This is one theological method I call feminist, though not exclusively, since it starts from the real situations in which people find themselves, considers individuals more important than laws, rules or doctrine. We are invited to experience life before thinking about it. We are invited to listen without giving immediate answers. We are invited to seek together the way out for many difficult and complex life situations.
By contrast, she maintains, church leaders refuse to engage in any kind of serious listening process involving those they govern, and refuse to pay any serious attention to the real-life situations of those to whom they issue moral imperatives that radically affect their human lives. When it comes to matters of gender, the leaders of the Catholic church seek to foreclose all conversation by absolutizing biology and pointing to Jesus's maleness as if that biological fact is at the center of the good news of the gospel, while ignoring everything Jesus actually stood for in his dealings with others:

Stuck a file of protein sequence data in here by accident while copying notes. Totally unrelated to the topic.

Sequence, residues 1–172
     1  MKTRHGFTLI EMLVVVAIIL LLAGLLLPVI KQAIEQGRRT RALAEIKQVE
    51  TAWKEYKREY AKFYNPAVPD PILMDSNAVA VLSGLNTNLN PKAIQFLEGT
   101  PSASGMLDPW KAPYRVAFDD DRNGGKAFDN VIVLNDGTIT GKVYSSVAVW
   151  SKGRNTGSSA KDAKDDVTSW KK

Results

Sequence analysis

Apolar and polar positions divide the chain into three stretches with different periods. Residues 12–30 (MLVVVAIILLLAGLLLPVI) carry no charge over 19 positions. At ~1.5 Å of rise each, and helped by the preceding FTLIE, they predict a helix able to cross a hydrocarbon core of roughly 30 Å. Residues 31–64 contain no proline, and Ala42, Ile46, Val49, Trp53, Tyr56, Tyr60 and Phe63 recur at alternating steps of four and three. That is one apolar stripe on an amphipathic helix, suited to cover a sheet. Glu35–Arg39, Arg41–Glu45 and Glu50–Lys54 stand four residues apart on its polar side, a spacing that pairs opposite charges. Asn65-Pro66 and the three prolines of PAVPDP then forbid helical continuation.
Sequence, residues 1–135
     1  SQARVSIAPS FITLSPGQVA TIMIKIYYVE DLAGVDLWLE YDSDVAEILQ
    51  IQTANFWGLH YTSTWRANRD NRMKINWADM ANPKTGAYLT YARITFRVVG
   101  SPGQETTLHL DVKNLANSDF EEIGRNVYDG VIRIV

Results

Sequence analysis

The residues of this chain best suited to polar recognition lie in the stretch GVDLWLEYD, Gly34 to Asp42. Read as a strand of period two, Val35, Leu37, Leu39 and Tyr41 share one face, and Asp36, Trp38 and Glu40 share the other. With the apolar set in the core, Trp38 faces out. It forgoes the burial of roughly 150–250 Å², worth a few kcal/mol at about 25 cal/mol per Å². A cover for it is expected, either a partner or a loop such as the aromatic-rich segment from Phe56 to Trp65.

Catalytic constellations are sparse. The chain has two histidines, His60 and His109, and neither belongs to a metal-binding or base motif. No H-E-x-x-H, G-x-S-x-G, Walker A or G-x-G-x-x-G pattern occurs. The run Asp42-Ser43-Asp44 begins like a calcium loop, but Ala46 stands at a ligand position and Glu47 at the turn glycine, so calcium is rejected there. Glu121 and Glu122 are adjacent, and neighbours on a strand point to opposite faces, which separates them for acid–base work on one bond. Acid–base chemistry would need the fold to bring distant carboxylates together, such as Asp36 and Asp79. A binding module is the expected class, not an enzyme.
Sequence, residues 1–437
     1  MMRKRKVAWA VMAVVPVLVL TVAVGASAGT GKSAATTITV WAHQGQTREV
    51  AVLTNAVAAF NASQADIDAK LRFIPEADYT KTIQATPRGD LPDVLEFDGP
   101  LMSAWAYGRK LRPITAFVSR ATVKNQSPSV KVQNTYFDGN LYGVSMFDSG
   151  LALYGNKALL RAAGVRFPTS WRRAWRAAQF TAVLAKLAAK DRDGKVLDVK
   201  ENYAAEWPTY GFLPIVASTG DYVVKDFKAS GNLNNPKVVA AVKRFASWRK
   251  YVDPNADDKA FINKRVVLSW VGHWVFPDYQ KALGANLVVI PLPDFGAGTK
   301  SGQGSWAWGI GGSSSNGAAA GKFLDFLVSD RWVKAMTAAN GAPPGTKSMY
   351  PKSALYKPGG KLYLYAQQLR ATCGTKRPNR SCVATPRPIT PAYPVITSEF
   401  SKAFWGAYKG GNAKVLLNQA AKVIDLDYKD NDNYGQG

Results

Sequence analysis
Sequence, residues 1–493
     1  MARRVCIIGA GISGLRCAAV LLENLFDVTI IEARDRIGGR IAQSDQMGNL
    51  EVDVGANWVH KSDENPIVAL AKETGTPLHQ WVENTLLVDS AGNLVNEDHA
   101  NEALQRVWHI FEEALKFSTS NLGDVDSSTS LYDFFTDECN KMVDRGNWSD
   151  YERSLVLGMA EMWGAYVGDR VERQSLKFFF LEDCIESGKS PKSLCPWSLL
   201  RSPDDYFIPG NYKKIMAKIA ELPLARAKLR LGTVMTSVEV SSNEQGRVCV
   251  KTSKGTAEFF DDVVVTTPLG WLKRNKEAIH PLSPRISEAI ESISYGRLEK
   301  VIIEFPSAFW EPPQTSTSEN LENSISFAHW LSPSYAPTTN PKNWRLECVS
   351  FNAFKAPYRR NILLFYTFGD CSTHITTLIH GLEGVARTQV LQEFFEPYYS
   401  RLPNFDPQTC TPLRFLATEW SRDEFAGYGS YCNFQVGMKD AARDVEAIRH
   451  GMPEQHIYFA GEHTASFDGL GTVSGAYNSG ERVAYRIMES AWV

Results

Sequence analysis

The Church leadership fears being accused of misogyny and they defend themselves, but their behavior is more than misogynist. Unfortunately they cling to an incredible biologism and the concept of anatomy as destiny. They've deduced from the fact that Jesus of Nazareth was male, arguments for the exclusion of women. And along this line, they give more importance to the priestly role which Jesus wasn't part of, at the expense of a more ethical understanding of Christianity where many inclusive aspects could be accentuated. Jesus was not of the priestly elite of Israel. Rather, he criticized it and distanced himself from it. Jesus lived a life close to men, women, children, Jews and strangers. With them, he preached the kingdom of God throughout his life through concrete actions that change people's lives. That earned him misunderstanding, abuse and crucifixion.